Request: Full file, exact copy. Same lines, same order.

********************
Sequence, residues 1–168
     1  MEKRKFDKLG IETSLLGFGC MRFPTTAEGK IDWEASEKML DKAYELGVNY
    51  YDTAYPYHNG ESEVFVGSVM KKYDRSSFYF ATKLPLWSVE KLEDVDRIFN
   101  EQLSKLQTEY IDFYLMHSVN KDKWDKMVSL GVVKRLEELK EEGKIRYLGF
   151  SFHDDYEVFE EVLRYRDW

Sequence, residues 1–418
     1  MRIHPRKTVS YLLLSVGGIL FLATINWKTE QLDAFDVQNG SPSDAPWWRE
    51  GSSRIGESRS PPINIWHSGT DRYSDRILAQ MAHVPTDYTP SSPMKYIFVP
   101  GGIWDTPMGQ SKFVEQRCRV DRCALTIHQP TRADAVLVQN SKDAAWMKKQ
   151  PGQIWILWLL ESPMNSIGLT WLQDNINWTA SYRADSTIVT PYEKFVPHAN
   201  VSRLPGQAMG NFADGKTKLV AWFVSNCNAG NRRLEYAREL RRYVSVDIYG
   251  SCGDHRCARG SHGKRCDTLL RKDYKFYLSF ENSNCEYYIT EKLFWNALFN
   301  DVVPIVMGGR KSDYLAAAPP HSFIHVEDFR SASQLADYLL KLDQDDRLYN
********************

Sequence, residues 1–168
     1  MEKRKFDKLG IETSLLGFGC MRFPTTAEGK IDWEASEKML DKAYELGVNY
    51  YDTAYPYHNG ESEVFVGSVM KKYDRSSFYF ATKLPLWSVE KLEDVDRIFN
   101  EQLSKLQTEY IDFYLMHSVN KDKWDKMVSL GVVKRLEELK EEGKIRYLGF
   151  SFHDDYEVFE EVLRYRDW

Sequence, residues 1–418
     1  MRIHPRKTVS YLLLSVGGIL FLATINWKTE QLDAFDVQNG SPSDAPWWRE
    51  GSSRIGESRS PPINIWHSGT DRYSDRILAQ MAHVPTDYTP SSPMKYIFVP
   101  GGIWDTPMGQ SKFVEQRCRV DRCALTIHQP TRADAVLVQN SKDAAWMKKQ
   151  PGQIWILWLL ESPMNSIGLT WLQDNINWTA SYRADSTIVT PYEKFVPHAN
   201  VSRLPGQAMG NFADGKTKLV AWFVSNCNAG NRRLEYAREL RRYVSVDIYG
   251  SCGDHRCARG SHGKRCDTLL RKDYKFYLSF ENSNCEYYIT EKLFWNALFN
   301  DVVPIVMGGR KSDYLAAAPP HSFIHVEDFR SASQLADYLL KLDQDDRLYN